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We know best, and the community be damned! This appears to be what the Historic Preservation Review Board (HPRB) and the Capitol Hill Restoration Society (CHRS) are saying to the community (“Dwelling in the Past,” 11/1). Both organizations know that nobody is going to spend the exorbitant amount of money necessary to rehabilitate the shotgun house. The CHRS was offered the house for free, but it still refused to put its money into the project. But, by god, it can and will maintain the status quo. In other words: The derelict building must stay.

Clearly stung by the article, former CHRS President Brian Furness (The Mail, 11/8) and current CHRS President Robert L.M. Nevitt (The Mail, 11/15) have each published a defensive letter. Furness viciously attacked me personally and Nevitt defended the CHRS at length, but neither gentleman offered so much as a hint of a solution to the serious problem that confronts our community. In fact, the only problem that they seem to recognize is that they can’t force me to waste my money on the shotgun house the way they want it wasted.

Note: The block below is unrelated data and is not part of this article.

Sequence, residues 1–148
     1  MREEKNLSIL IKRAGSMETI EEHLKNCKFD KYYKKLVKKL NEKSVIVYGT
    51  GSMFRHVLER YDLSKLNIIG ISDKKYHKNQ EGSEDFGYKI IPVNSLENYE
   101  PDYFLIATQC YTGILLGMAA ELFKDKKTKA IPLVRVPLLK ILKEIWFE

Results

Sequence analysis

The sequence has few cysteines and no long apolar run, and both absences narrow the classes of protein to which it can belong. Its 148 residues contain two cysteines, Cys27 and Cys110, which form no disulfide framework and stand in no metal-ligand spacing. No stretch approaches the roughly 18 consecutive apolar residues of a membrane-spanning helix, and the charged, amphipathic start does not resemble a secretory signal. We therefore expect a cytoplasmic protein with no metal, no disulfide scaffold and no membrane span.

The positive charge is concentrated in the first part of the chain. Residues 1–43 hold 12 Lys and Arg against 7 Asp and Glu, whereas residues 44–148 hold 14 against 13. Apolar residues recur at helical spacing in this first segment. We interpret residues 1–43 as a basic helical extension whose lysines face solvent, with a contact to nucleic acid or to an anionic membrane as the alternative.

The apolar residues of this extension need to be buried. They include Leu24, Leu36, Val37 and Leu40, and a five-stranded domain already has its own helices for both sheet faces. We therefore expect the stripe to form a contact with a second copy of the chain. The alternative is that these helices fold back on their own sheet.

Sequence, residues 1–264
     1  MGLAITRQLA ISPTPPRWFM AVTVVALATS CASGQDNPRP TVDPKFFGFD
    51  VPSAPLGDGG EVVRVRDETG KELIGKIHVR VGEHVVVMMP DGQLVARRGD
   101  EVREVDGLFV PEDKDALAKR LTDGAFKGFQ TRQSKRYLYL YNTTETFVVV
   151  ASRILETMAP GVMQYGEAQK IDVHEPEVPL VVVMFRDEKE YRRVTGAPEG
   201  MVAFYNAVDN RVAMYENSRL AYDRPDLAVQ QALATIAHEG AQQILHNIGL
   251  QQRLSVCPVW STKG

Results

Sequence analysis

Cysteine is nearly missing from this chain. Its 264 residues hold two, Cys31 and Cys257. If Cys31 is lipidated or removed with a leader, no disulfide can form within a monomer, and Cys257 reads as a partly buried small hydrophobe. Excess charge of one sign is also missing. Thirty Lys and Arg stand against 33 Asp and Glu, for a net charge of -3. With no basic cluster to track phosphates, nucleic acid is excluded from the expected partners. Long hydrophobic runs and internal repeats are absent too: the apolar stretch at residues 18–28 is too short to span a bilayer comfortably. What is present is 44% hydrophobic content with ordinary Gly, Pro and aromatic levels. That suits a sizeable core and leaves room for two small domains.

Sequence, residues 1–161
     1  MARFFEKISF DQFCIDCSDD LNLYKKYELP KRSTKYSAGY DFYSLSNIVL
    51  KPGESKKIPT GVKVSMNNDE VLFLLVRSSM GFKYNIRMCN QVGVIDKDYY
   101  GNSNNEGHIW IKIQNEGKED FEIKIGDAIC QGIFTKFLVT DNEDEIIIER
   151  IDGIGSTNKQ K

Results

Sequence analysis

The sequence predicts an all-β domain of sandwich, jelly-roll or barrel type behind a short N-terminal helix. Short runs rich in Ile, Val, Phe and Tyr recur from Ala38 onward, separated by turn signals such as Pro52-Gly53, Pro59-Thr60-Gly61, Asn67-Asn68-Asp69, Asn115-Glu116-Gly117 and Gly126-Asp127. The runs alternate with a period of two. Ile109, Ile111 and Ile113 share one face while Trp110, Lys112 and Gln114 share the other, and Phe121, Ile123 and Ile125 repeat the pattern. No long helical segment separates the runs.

The law says that the HPRB must give “great weight” to the local advisory neighborhood commission (ANC). The ANC legally represents the community, and its members voted unanimously for demolition of the shotgun house. The HPRB totally ignored the ANC’s recommendation. The law gives no special weight to the CHRS, but the HPRB has done exactly what it demanded. The preservation law allows demolition for a project of “special merit.” “Special merit” is defined, in part, as a project that serves the community. Such projects have been offered, but the HPRB and the CHRS have always said no.

The HPRB just says no and then, like Pontius Pilate, washes its hands of the problem. And the CHRS is obviously out of step with the very community it claims to represent.

Pragmatically, the solution lies in an honest interpretation and then administration of the law. A little good will and a little less rancor would also help.

Capitol Hill